How To Add SQL Constraint Without Applying It To The Existing Rows in PostgreSQL

September 10, 2022

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Often times product requirements change and software engineers need to change the existing data model. For example, imagine an intentionally simplistic Postgres table for book orders which contains such details as order id, and order quantity (number of book copies for the order). One day the company decides to add expedited shipping option. Now the order table should have another column shipping_type which can be standard or expedited. Suppose the table has millions of rows and the company doesn’t care about the shipping type of old orders. The new column should be not null and have only the two above-mentioned values for now (perhaps in the future there will be a third option). How can the column be added in the most efficient way? Before we consider the available options let’s create the orders table:

  quantity SMALLINT

INSERT INTO orders(quantity)

Option 1: Add Not Null Constraint with Default Value

Remember the old rows don’t have the shipping_type column and because the new column needs to be added with a not null constraint some default value needs to be given for the column in the old rows. For example, their shipping_type can be standard:

ADD COLUMN IF NOT EXISTS shipping_type varchar(9) NOT NULL DEFAULT 'standard';

This works but what happens behind the scenes? Depending on the character set defined in the database a character requires at least 1 byte in memory. In addition, depending on the string length there’s an additional overhead of 1-4 bytes per row. Because shipping_type is varchar(9) (there’re 9 letters in the word expedited) we add 1 more byte of overhead which becomes 10 bytes per row at least. Suppose the database has 1 million rows adding the default value will result in 10 MB additional storage which is not that bad. In case the database character set was UTF8 up to 4 bytes can be required to store 1 character in which case adding the default value would add (9 * 4) + 1 = 37 (1 byte for the overhead) bytes per row, that is another 37 MB for a million rows. If there’s more than a million rows and columns with default values are occasionally added this can certainly add up (as a sidenote using a Postgres enum could be beneficial in such case as it occupies only 4 bytes in memory).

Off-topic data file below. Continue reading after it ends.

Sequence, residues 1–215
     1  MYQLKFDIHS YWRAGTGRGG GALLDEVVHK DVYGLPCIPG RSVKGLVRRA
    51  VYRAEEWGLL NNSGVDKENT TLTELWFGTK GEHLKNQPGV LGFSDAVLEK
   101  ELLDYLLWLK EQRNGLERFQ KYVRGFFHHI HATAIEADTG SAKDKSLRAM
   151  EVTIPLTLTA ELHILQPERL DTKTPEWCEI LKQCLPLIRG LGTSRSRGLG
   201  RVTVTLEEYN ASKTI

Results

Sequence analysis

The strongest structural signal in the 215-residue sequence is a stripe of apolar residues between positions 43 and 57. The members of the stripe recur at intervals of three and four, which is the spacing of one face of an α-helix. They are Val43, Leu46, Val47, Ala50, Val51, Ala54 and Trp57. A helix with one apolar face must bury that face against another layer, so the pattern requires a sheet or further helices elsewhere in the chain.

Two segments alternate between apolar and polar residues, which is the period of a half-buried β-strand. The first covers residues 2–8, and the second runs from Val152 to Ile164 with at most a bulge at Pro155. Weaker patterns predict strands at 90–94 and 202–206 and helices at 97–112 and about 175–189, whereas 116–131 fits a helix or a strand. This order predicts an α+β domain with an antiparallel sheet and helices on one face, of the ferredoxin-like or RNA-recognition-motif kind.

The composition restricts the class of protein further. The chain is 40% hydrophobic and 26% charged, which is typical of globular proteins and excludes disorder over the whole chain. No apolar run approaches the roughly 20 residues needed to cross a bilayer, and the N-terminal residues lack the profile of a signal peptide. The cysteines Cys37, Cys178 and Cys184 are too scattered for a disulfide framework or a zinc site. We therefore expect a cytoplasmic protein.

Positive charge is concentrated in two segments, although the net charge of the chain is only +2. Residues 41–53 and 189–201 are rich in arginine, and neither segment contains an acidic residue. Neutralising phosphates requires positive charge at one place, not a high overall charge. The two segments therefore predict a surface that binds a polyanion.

An even more important concern is a multi-million row update of a production database. Firstly, this may significantly affect database performance and is echoed in Postgres docs:

Scanning a large table to verify a new foreign key or check constraint can take a long time, and other updates to the table are locked out until the ALTER TABLE ADD CONSTRAINT command is committed.

Indeed, adding a constraint will result in ACCESS EXCLUSIVE lock for the table which will block both updates and reads(!) to the table until the constraint is validated.

There’s a better way.

Option 2: Adding Constraint Only For Future Rows

As already mentioned, the company isn’t really interested in the old orders shipping_type. Is there a way to add the not null constraint in such a way that it’s applied only to the future rows and not to the existing rows? Yes there is: NOT VALID. Normally, when a new constraint is added the table is scanned to verify that the existing rows satisfy the constraint. However, if NOT VALID is applied the full table scan is skipped but the constraint will still be enforced against subsequent inserts or updates. This is a win-win situation where we still get constraint checking on future updates while not locking out the table:

ADD COLUMN IF NOT EXISTS shipping_type varchar(9);

ALTER TABLE orders ADD CONSTRAINT shipping_type_not_null CHECK (shipping_type IS NOT NULL) NOT VALID;

If additional space which would be created by setting a default value to existing rows is not a concern one could write a migration script which would incrementally add default value to the existing rows and then run ALTER TABLE orders VALIDATE CONSTRAINT shipping_type_not_null; in order to validate that there aren’t any rows left without a default value. This operation acquires SHARE UPDATE EXCLUSIVE lock which protects a table against concurrent schema changes (but doesn’t block row reads/writes). However, in case of foreign key constraint a ROW SHARE lock is also required on the table referenced by the constraint which can have performance consequences.

To summarize: using NOT VALID can significantly boost performance when adding new constraint on a Postgres table and even potentially prevent application downtime because of table locking.